Excerpt from The Swift and the Harrier by Minette Walters, plus links to reviews, author biography & more

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The Swift and the Harrier

by Minette Walters

The Swift and the Harrier by Minette Walters X
The Swift and the Harrier by Minette Walters
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    Jul 2022, 500 pages

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Jayne followed William's instruction to walk in his shadow and hold firmly to the strap of her satchel, which he wore across his shoulder. He was some thirty years of age, strongly built and of a good height, and seemed to have little trouble forging a path between the oncoming crowd and the houses which fronted the road. Several times, he nodded to individual passersby and received an answering nod in return, but none questioned his purpose in taking the opposite direction to them. When they reached High East Street, he turned to the left instead of attempting to push through the press of people to their right and drew Jayne into an alcove formed by the narrow projecting porchway of a bakery. The doors were closed, but there was enough room for them both to shelter from the teeming mass that thronged the road.

"They're waiting for the priests to be brought from the jail," he murmured. "It won't be long before the cart appears, so I suggest we do the same. The crowd will follow or disperse once they've hurled their insults."

"I'm sorry to have put you to this trouble, William. I should have accepted your mistress's invitation to remain with her for an hour."

"Why didn't you?"

Jayne gave a wry smile. "I found her a little alarming. She assumed I knew who she was, but I don't."

"Lady Alice Stickland, widow of Sir Francis Stickland. She took up residence in Dorchester when her son inherited his father's estates and title two years ago. Young Sir Francis is even less tolerant of her waywardness than her husband was."

Jayne longed to ask what form the waywardness took but didn't choose to show the same ill-mannered curiosity as his mistress. "Is her brother as tolerant?"

"When he's in Dorset. He wouldn't embrace her so readily if she lived in London."

"Why not?"

The question seemed to amuse him. "He'd lose the King's patronage if he acknowledged a sister as outspoken as Lady Alice. She makes no secret of her support for Parliament."

Jayne kept her voice low. "Yet she spoke critically of Samuel Morecott, and there's no more ardent supporter of Parliament than he."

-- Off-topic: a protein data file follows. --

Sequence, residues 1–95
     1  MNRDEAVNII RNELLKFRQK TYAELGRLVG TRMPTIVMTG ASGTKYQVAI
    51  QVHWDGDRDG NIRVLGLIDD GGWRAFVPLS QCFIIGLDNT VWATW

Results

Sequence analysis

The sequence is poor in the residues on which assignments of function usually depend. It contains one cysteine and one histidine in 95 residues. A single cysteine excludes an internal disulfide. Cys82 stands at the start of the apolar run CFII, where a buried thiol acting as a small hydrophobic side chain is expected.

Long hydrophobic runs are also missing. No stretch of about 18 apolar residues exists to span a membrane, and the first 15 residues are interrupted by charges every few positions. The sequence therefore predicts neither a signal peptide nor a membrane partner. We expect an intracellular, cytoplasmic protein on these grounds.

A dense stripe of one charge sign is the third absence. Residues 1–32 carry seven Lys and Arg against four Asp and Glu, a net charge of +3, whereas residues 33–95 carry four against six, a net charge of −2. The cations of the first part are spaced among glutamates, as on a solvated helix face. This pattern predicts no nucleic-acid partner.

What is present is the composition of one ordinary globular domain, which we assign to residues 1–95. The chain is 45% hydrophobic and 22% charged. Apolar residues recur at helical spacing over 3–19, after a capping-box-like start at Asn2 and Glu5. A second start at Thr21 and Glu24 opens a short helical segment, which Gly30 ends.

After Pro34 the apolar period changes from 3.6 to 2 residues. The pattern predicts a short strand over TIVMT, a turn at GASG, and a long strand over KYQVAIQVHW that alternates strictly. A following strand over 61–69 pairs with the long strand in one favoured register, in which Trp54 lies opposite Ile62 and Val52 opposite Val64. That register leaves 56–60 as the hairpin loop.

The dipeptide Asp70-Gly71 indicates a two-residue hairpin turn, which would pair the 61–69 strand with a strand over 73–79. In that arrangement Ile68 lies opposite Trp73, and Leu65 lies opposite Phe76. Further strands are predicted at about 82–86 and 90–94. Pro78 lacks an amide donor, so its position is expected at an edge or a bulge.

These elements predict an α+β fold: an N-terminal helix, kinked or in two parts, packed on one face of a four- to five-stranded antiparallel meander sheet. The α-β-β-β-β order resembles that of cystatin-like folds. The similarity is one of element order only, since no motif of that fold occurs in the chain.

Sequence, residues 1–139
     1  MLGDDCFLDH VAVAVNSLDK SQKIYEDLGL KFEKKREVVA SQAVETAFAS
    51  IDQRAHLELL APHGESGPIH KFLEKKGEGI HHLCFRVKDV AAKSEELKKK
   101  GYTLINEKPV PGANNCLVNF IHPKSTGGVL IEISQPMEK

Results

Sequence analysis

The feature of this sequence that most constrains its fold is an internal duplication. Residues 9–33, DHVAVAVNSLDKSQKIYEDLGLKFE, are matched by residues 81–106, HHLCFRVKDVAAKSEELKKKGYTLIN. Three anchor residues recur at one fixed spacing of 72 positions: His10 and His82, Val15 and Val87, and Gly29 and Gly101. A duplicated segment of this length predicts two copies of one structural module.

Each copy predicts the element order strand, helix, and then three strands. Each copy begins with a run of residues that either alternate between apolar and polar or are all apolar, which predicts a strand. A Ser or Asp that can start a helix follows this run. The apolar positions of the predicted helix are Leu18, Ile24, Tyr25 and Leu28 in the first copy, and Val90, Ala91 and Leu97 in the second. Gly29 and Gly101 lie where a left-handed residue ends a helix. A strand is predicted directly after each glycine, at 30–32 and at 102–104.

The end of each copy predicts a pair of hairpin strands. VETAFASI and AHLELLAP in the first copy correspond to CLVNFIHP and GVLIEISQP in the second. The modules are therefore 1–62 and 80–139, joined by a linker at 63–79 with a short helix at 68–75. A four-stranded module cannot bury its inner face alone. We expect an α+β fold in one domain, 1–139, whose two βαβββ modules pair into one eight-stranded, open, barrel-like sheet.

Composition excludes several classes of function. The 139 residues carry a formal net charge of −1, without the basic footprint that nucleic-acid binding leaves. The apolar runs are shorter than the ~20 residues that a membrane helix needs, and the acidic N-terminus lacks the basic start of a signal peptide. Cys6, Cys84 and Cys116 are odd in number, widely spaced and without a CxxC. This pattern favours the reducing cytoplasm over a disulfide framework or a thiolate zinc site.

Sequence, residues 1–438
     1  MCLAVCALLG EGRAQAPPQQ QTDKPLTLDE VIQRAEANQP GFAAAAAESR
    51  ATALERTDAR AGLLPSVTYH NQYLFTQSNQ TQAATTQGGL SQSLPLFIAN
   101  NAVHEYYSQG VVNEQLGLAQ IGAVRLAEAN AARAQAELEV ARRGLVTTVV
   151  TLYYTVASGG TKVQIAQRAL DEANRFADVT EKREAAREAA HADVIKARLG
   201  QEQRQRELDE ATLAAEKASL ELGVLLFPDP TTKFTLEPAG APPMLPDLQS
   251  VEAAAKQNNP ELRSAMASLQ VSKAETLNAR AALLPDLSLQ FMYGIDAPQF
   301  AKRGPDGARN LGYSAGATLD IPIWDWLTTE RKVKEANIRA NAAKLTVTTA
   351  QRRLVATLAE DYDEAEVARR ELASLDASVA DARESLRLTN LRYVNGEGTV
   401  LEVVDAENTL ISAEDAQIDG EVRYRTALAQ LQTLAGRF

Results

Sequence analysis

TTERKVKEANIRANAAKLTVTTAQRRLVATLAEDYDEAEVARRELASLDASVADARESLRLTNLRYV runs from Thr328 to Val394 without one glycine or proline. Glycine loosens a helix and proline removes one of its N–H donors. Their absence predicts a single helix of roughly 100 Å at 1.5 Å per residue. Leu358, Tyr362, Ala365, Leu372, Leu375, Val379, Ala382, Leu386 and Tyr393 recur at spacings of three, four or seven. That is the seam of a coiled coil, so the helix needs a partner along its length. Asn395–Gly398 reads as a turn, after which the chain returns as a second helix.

"It's the only belief they have in common. Nothing else about him attracts her." He looked above the heads of the people in front of them. "The priests approach. You should turn away if you don't wish to see their anguish."

Jayne questioned afterwards if it was stubbornness that made her reject his advice. He was overfamiliar for a servant, towards both his mistress and herself, and she was inclined to recite her own lineage in order to put him in his place; but the opportunity never arose, for her voice would have been drowned by the raucous shouts of the crowd. There was no slur too bad to cast at the thin, frail-looking men who stood with their hands tied in front of them in the back of a horse-drawn cart. Children chanted "papist pigs" and flung cow dung; adults favored "spies," "traitors," or "Devil's spawn" and stepped forward to launch mouthfuls of spittle.

One of the priests, the younger, was so frightened he was visibly shaking, and the other took his tethered hands in his own to give him strength. Jayne guessed the older to be close to sixty and wondered if it was age or faith that was allowing him to face his execution so calmly. She saw his mouth move and fancied he was urging his friend to trust in God's love and mercy, but if so, his words fell on deaf ears. The younger man shook his head and gave way to sobbing.

William spoke into her ear. "He'll recant at the foot of the gallows. The Sheriff must hope Hugh Green remains steadfast or the crowd will become ungovernable."

"Is that the name of the older priest?"

"It is. He was confessor to Lady Arundell before his arrest. She wrote to my mistress, begging her to go to the prison and assure Father Green of her continued prayers and devotion, because she wasn't strong enough to make the journey herself. Lady Alice visited him several times during the months he was held."

From The Swift and the Harrier by Minette Walters. Used with the permission of the publisher, Blackstone Publishing. Copyright ©2022 by Minette Walters.

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